Another approach to the neurobiological idea of creativity is introduced by Semir Zeki in his article "Artistic Creativity and the Brain." In this artile Zeki says that he hopes that neuroscience will "study the neural basis of artistic creativity and achievement, starting with the elementary perceptual process." By the perceptual process he is restating the idea that artists precieve life and itís material things differently than most individuals. He feels that as John Constable says "The whole beauty and grandeur of Art consists ... in being able to get above all singular forms, local customs, particularities of every kind.... [The painter] makes out an abstract idea ... more perfect than any one original." Zeki says that this is because an artist has a special gift for the attention to detail where generally in our brains this is disregarded because it is not needed. Zeki, also makes no final conclusions only that he has an opinion on the matter.

Scientists have not yet found where creativity is located in the brain. So therefore there is no definite answer as to what causes the differences in artistic variation. However there are many different ideas on this subject. Some scientists believe that it has to do with the "right and left brains", whereas others feel that it is caused from a mental disorder. These ideas all have flaws and none give an accurate scientifically supported theory. Therefore I am still left with my initial question. Where does creativity come from and what causes variations in this creativity, which causes artists to express their work so uniquely.

I am still left to believe that the only way in which to find an answer to these questions is through Neurobiology. My belief stems from at this point in our exploration of brain and behavior it is fair to say that our brain has an effect on our bodily movement and stimulation through receptors. This idea can best be described through the I-function box, which demonstrates the input and output through the brain. Through this we are shown that through different inputs into the brain we are able to form different outputs. Therefore through a different experience as someone else we are able to form individual personalities. These different personalities cause us to express ourselves differently from any other individual because we have not had the same life experiences as they have had.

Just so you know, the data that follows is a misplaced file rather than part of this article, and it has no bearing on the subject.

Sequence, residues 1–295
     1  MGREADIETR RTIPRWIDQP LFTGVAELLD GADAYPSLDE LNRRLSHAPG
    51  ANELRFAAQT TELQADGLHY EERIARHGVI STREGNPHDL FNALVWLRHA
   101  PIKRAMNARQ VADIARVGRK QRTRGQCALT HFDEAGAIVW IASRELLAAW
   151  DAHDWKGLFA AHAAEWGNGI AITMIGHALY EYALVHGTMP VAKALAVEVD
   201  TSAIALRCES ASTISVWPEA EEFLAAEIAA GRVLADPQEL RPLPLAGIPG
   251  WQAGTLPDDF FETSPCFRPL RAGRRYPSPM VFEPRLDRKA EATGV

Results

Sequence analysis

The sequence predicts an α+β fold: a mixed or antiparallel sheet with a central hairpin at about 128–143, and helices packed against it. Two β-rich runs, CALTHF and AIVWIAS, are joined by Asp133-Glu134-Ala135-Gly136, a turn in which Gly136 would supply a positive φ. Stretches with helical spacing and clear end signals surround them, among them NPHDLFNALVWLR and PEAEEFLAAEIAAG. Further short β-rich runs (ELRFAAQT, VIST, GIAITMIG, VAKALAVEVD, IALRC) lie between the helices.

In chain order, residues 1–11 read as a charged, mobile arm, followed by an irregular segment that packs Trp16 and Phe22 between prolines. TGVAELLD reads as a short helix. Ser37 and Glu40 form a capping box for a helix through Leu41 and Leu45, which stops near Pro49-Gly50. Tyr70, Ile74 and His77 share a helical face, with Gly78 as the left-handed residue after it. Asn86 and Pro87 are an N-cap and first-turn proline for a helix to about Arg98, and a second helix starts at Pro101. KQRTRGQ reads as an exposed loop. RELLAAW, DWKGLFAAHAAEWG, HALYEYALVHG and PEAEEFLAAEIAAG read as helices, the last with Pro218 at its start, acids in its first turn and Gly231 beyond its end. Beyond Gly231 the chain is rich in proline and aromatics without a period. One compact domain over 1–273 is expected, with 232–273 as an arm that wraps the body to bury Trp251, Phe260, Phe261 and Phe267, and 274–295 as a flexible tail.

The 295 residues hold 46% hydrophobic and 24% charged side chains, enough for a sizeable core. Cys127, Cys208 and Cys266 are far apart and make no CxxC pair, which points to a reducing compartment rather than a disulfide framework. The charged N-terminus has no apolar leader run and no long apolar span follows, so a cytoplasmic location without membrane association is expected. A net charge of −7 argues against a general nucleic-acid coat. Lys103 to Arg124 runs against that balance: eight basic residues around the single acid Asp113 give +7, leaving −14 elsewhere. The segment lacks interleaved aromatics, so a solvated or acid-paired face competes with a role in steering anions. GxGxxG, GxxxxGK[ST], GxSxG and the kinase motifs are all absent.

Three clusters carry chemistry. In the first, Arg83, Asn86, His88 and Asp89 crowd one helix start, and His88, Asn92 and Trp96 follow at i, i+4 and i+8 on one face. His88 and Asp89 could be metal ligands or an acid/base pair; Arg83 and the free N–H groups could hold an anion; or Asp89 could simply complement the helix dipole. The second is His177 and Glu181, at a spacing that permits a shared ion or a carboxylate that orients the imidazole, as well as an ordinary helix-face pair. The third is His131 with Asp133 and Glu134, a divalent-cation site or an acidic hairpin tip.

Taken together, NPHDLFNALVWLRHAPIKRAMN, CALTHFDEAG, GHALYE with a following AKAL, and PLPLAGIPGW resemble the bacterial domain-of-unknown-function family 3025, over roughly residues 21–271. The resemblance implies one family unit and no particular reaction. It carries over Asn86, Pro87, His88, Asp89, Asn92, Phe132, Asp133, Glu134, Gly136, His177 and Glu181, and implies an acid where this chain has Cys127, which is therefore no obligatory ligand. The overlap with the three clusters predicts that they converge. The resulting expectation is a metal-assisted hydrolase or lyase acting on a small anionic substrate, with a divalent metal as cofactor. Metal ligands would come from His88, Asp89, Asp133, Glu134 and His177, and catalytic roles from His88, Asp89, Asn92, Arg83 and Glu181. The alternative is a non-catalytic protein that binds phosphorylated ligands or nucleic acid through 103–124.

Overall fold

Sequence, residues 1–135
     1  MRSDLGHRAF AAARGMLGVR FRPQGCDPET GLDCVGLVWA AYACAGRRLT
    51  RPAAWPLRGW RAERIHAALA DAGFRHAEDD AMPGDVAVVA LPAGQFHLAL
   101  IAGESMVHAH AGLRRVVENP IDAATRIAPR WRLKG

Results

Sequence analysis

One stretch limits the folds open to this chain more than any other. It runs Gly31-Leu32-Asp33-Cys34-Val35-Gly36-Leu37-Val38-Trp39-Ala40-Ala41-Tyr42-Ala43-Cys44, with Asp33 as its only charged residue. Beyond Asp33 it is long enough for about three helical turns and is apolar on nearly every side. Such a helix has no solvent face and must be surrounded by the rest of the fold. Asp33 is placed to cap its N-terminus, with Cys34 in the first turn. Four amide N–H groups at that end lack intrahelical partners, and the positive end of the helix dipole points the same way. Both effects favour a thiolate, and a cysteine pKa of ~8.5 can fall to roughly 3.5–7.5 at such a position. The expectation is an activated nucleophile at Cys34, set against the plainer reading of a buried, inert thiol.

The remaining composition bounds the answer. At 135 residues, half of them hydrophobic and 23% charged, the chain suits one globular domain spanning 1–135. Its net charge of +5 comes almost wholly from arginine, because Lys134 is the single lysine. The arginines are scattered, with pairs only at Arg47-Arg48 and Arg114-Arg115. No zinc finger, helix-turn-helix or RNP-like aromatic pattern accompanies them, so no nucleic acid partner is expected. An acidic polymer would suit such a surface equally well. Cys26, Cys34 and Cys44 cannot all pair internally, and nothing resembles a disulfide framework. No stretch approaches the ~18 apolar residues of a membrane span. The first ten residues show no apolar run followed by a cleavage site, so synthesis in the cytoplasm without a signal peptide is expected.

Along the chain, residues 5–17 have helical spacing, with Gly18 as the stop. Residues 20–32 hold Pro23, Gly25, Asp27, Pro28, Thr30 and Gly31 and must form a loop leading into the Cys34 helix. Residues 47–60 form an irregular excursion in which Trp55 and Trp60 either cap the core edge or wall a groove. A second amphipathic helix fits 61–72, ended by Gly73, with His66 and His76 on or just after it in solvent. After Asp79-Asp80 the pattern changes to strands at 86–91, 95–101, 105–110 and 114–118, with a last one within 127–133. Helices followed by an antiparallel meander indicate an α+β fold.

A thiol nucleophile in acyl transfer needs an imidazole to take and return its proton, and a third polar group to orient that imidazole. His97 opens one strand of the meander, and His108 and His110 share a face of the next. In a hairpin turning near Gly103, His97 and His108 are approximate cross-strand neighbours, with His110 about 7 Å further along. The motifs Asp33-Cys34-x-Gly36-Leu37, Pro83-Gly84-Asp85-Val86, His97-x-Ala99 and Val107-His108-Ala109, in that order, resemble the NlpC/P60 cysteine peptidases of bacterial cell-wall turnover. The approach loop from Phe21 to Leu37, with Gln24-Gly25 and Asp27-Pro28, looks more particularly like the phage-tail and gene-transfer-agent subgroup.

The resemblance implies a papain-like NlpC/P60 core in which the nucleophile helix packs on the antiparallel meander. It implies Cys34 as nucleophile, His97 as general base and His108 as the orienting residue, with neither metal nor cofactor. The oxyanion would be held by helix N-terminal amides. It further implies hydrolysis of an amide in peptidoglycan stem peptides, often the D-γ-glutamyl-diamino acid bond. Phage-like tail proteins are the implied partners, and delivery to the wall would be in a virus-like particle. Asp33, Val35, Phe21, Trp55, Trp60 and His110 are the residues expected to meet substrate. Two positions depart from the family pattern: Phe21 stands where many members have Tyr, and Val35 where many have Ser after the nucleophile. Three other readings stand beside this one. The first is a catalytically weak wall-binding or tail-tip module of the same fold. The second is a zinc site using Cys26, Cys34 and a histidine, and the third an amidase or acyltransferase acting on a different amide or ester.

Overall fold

So, an artist is as I see it a unique variation of the common man. A common man, is this an artist? I have no direct conclusions only ideas from myself and others because of the nature of this topic. When no scientists have come up with sound theories and scientific evidence to support them, we are left with only one choice. The choice is to come up with our own ideas and thoughts on the topic.


1) "Toward a Neurobiology of Creativity? Making Connections Between Art, Manic-Depressive Illness, and Frontotemporal Dementia", by:Diana C. Applegate

2) "Creativity and Psychopathology", by Rachel Friedman, on the Harvard Brain's Website

4) SCIENCE magazine archives "Artistic Creativity and the Brain" Semir Zeki.


6) Metacognitive Musings, by: John Dalton

7) Untitled, by: Elaine de Castro

8) Synesthesia: Phenomenology And Neuropsychology - A Review of Current Knowledge by Richard E. Cytowic

9) Precis of "THE CREATIVE MIND: MYTHS AND MECHANISMS", What is creativity? - by Margaret A. Boden, School of Cognitive and Computing Sciences, University of Sussex, England